• (p.398) “What was the outcome of your actions?
  • Employee not working well resented it
  • Other employees appreciated it
  • Supervisor appreciated it
  • Employee not working well improved
  • Other”

See distribution of answers in chapter 2, table 2.10.

Why people do or do not act against shirkers (NBER):

“Why might you be likely to do something when a fellow employee is not

working as hard or well as he or she should? (Mark all that apply)

  • I like helping others
  • Employee might help me in the future
  • Poor performance will cost me and other employees in bonus or stock value
  • Other employees appreciate it when someone steps forward
  • Want to keep work standards high
  • Employee's poor performance could affect my own job
  • Other (What?)

Why might you be likely to do nothing when a fellow employee is not working as hard or well as he or she should? (Mark all that apply)

  • Employee not working well would resent it
  • Other employees would react poorly
  • It's the supervisor's job, not mine
  • Some other employee will probably take action
  • Some other employee could take care of it
  • There's no financial benefit for me
  • Nothing in it for me personally
  • Other (What?)

See distribution of answers in chapter 2, table 2.9.

12 Innovation Outcomes

Culture for Innovation: Mean of following items, all measured on a 1–4 scale (1 = never or almost never, 2 = sometimes, 3 = often, 4 = always or almost always).

“How often do the following things occur in your facility?”

  1. a) “Ideas for developing innovative products and services are put forward.”

  2. b) “Meaningful time is invested in testing good ideas for innovative products and services.”

  3. (p.399) c) “Innovative ideas are carefully considered and fairly evaluated.”

  4. d) “Resources are made available to support and develop a good idea that could lead to an innovative product or service.”

  5. e) “People who have an innovative idea receive recognition for it.”

  6. f) “People who have an innovative idea receive financial rewards for it.”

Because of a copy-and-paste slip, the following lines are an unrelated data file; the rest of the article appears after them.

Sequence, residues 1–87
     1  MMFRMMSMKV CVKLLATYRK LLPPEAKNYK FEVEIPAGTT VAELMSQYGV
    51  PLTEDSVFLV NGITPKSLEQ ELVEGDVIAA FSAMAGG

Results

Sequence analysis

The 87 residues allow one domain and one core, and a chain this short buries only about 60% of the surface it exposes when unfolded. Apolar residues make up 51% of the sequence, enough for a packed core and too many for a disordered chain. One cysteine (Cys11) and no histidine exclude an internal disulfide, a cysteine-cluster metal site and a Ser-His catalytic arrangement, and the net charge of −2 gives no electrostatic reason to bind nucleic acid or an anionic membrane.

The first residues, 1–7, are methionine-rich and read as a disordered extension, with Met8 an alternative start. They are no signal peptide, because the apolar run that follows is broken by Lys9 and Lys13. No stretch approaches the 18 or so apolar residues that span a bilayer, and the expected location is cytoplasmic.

7. g) “My ideas for innovative products and services have been taken seriously.” Index mean = 2.87, s.d. = .626, n = 27,067, alpha = .86

Innovative Ideas: Mean of following items, all measured on a 1–4 scale (1 = not at all, 2 = very little, 3 = to some extent, 4 = to a great extent).

  1. a) “I would be willing to be more involved in efforts to develop innovative products and services.”

  2. b) “I have good ideas for innovative products or services.”

  3. c) “I have good ideas for improvements in existing products and services.”

Index mean = 2.74, s.d. = .731, n = 26,939, alpha = .83

13 Other Performance-Related Attitudes and Behavior

Not likely to search for new job (GSS): “How likely is it that you will decide to look hard for a job with another organization within the next twelve months?” (1–3 scale, Very likely/Somewhat likely/Not at all likely), mean = 2.37, s.d. = .79, n = 2,400.

Not likely to search for new job (NBER): “How likely is it that you will decide to look hard for a job with another organization within the next twelve months?” (1–4 scale, Already looking/Very likely/Somewhat likely/Not at all likely), mean = 3.42, s.d. = .83, n = 40,722.

Would turn down another job for more pay to stay with this company (NBER): “To what extent do you agree or disagree with this statement? ‘I would turn down another job for more pay in order to stay with this company.’” (1–5 scale, 1 = strongly disagree, 5 = strongly agree), mean = 1.75, s.d. = 1.14, n =1,175.

Absenteeism (NBER): “About how many days have you been absent from work in the last six months (not counting vacation)?” mean = 1.77, s.d. = 7.66, n = 39,582.

Co-worker effort (GSS and NBER): “At your workplace, how hard would you say that people work?” (0–10 scale, 0 = not at all hard, 10 = very hard), GSS mean = 6.93, s.d. = 2.42, n = 2,386, NBER mean = 7.07, s.d. = 2.10, n = 40,738.

Proud to be working for employer (GSS): “I am proud to be working for my employer.” (1–4 scale, 1 = strongly disagree, 4 = strongly agree), mean = 3.19, s.d. = .69, n = 2,401.